Lahars Caused by Lake Breakouts
Lake breakouts commonly occur weeks to months after a river or one of its tributaries become blocked by a landslide or other volcanic deposits, especially pyroclastic flows and lahars. The most frequent cause of a lake breakout is the overflow of water across the newly formed dam and subsequent erosion and rapid downcutting into the loose rock debris. As more water rushes from the lake, the initial channel grows deeper and wider, which allows even more water to surge downstream. By eroding the blockage and river channel downstream, the initial surge of water will incorporate a tremendous volume of sediment and increase in volume two to four times or more as it races downvalley.
Castle Lake, Mount St. Helens, Washington
Blocked by the massive landslide that slid from Mount St. Helens during an eruption on May 18, 1980, Castle Creek quickly filled with water to form a lake (center left). In 1981, concern among scientists and public officials about the possibility of a sudden lahar caused by the breakout of water from Castle Lake led the U.S. Army Corps of Engineers to excavate an outlet channel and line it with heavy wire mesh and boulders. The new channel prevented the lake from overtopping its new debris dam. The water level and stability of the blockage is still monitored by scientists of the U.S. Geological Survey.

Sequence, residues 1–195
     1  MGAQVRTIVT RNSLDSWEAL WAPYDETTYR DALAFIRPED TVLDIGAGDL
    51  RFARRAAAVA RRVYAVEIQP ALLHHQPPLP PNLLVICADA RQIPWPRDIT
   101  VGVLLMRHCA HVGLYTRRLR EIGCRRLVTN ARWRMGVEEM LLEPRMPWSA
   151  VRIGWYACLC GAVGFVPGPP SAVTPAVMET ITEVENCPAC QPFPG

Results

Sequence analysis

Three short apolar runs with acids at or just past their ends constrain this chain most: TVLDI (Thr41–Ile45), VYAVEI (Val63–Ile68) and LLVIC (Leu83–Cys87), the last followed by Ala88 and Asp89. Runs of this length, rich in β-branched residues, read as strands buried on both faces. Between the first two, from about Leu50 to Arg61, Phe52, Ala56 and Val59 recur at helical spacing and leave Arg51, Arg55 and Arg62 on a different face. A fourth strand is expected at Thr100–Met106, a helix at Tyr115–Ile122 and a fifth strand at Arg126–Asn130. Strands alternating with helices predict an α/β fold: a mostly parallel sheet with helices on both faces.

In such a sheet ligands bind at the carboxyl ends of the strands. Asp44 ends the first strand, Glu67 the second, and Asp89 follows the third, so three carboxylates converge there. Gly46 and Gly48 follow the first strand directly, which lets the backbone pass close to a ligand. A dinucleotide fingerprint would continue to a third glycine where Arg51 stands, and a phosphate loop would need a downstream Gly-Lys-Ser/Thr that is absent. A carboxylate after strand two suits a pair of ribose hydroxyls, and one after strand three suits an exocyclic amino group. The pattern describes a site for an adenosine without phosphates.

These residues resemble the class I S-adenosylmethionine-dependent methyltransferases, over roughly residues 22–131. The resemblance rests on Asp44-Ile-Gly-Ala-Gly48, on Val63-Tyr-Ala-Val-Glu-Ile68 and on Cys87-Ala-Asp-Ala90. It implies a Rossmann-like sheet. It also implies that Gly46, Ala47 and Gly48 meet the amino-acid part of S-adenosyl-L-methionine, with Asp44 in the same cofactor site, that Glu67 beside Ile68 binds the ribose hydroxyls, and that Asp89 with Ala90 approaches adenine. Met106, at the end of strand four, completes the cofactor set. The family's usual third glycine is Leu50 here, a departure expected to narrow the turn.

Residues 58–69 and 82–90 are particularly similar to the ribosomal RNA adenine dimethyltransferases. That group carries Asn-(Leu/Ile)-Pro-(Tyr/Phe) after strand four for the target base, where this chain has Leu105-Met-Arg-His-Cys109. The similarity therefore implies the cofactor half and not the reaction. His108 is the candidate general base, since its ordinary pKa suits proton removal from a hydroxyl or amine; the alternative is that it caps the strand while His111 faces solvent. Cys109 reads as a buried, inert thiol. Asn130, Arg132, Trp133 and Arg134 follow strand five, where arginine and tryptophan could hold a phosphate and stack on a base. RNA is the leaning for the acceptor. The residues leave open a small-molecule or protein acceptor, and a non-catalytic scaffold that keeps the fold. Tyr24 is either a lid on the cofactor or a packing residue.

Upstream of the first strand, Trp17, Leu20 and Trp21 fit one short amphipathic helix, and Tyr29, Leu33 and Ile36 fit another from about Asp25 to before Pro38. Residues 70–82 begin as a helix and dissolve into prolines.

Hundreds of lahars triggered by heavy rain formed after the 1991 eruption of Mount Pinatubo. The rainwater eroded loose, hot pyroclastic flow deposits (shown here) that filled river valleys around the volcano to depths of 220 meters. The lahars not only covered large areas downstream with sediment,destroying homes and farmland, but also temporarily blocked tributary streams.